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CeMbio - The Caenorhabditis elegans microbiome resource

MPS-Authors

Dirksen,  Philipp
Max Planck Fellow Group Antibiotic Resistance Evolution, Max Planck Institute for Evolutionary Biology, Max Planck Society;

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Schulenburg,  Hinrich
Max Planck Fellow Group Antibiotic Resistance Evolution, Max Planck Institute for Evolutionary Biology, Max Planck Society;

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Citation

Dirksen, P., Assié, A., Zimmermann, J., Zhang, F., Tietje, A.-M., Marsh, S. A., et al. (2020). CeMbio - The Caenorhabditis elegans microbiome resource. G3: Genes, Genomes, Genetics, 10(9), 3025-3039. doi:10.1534/g3.120.401309.


Cite as: http://hdl.handle.net/21.11116/0000-0007-AD73-5
Abstract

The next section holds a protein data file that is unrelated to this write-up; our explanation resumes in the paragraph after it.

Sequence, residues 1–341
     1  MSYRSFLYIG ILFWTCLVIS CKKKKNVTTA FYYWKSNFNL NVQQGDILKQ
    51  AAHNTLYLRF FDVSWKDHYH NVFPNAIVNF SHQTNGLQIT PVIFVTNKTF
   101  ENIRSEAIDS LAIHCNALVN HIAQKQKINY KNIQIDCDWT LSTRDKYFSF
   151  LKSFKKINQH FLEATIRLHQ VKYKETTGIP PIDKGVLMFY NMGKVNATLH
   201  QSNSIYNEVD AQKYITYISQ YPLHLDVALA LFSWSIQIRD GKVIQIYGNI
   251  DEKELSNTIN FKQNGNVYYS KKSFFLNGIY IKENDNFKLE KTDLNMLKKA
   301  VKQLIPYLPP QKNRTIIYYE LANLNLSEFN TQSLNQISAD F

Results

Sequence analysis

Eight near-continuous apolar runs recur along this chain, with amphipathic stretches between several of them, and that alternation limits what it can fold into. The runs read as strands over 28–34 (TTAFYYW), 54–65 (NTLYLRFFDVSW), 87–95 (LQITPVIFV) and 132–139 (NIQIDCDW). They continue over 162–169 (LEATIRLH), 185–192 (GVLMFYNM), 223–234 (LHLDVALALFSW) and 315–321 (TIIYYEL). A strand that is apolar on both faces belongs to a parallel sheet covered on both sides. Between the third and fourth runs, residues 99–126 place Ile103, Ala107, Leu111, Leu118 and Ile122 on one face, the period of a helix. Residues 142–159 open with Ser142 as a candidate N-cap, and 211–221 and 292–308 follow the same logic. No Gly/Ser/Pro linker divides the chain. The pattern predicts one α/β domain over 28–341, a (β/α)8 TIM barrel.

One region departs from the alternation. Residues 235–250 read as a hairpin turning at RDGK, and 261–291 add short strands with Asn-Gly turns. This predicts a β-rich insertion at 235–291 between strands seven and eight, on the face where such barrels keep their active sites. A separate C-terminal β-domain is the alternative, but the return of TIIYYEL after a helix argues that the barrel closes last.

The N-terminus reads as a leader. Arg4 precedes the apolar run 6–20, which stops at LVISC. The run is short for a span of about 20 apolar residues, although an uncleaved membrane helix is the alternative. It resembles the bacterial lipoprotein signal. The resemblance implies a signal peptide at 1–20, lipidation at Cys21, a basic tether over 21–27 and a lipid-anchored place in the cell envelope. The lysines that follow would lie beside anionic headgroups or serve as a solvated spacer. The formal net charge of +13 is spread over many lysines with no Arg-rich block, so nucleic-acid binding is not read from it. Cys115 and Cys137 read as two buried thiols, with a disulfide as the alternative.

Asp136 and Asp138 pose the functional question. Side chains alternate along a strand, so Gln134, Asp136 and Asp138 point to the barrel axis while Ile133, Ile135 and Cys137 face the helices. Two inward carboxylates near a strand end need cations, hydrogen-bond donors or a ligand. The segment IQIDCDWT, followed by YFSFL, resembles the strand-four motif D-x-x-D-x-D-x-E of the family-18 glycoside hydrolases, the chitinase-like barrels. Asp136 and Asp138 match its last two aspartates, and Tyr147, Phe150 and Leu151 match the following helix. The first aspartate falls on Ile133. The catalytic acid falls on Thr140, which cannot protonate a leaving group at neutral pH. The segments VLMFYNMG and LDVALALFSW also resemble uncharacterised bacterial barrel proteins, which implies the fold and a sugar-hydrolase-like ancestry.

The study of microbiomes by sequencing has revealed a plethora of correlations between microbial community composition and various life-history characteristics of the corresponding host species. However, inferring causation from correlation is often hampered by the sheer compositional complexity of microbiomes, even in simple organisms. Synthetic communities offer an effective approach to infer cause-effect relationships in host-microbiome systems. Yet the available communities suffer from several drawbacks, such as artificial (thus non-natural) choice of microbes, microbe-host mismatch (e.g., human microbes in gnotobiotic mice), or hosts lacking genetic tractability. Here we introduce CeMbio, a simplified natural Caenorhabditis elegans microbiota derived from our previous meta-analysis of the natural microbiome of this nematode. The CeMbio resource is amenable to all strengths of the C. elegans model system, strains included are readily culturable, they all colonize the worm gut individually, and comprise a robust community that distinctly affects nematode life-history. Several tools have additionally been developed for the CeMbio strains, including diagnostic PCR primers, completely sequenced genomes, and metabolic network models. With CeMbio, we provide a versatile resource and toolbox for the in-depth dissection of naturally relevant host-microbiome interactions in C. elegans.